business need to collaborate to agree on an ICT standard or set of standards to help them
address their policy objectives.
The governance structure will meet the needs of these communities by providing a
clear pathway to gaining endorsement of a standard by authorities such as the CJCIOC
(for cross jurisdictional standards) and the Chief Information Officer Committee (CIOC)
(where the standard requires endorsement in the Commonwealth jurisdiction2.)
The Project Communities own and control the lifecycle of the standards they develop.
Funding for Project Communities comes from members of the community.


Project communities will be supported by a secretariat based in the Department of

Finance and Deregulation. This will help ensure that standards are developed efficiently
and effectively.
Based on the paper that was endorsed by the OCC, it is proposed project communities
will be supported by a range of Support Services that will focus on ensuring that
standards are developed efficiently and effectively. Funding for Support Services will be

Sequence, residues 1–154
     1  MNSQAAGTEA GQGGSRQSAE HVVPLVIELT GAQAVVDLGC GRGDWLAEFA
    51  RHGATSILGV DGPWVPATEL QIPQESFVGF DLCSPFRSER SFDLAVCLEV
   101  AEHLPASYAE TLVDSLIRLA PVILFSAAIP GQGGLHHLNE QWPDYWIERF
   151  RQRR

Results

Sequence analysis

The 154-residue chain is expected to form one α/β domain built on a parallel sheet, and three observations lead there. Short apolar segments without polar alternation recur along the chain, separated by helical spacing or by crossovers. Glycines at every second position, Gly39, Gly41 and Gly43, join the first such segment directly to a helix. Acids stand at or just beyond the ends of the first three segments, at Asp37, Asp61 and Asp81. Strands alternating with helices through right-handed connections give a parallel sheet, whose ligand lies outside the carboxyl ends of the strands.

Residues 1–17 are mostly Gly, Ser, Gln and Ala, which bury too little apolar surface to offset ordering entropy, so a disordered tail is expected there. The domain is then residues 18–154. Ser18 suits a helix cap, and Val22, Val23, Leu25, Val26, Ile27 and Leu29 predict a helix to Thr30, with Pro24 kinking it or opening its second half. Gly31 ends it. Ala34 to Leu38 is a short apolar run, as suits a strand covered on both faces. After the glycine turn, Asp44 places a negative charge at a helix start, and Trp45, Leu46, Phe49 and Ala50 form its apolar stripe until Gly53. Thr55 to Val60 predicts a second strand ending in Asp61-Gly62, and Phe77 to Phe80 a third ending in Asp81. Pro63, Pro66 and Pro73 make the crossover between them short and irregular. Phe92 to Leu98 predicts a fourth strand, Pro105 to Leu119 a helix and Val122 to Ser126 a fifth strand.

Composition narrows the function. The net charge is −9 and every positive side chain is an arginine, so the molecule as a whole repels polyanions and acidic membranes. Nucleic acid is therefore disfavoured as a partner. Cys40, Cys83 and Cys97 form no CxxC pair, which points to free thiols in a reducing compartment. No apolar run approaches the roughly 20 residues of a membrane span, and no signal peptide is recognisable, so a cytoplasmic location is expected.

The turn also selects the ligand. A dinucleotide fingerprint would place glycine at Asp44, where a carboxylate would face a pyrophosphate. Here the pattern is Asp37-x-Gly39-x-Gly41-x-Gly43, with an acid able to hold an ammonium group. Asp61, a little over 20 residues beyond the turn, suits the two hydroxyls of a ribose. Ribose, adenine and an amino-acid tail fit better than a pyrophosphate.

provided jointly under the auspices of the CJCIOC 50% funding by the Commonwealth
with the remaining 50% to be funded by the States and Territories as per an agreed
Grants Commission formula).
The diagram on the next page shows the elements that comprise the standards
governance framework.

In most cases it will be a requirement for the CIOC to endorse standards that affect Commonwealth
agencies prior to wider consideration by the CJCIOC.

Governance Structure

Figure 4 Governance Structure

Standards governance model

Cross Jurisdictional Chief Information
Officer Committee
Endorsing Authorities

Cross Jurisdictional Interoperability Working Group,

Australian Government Architecture Working Group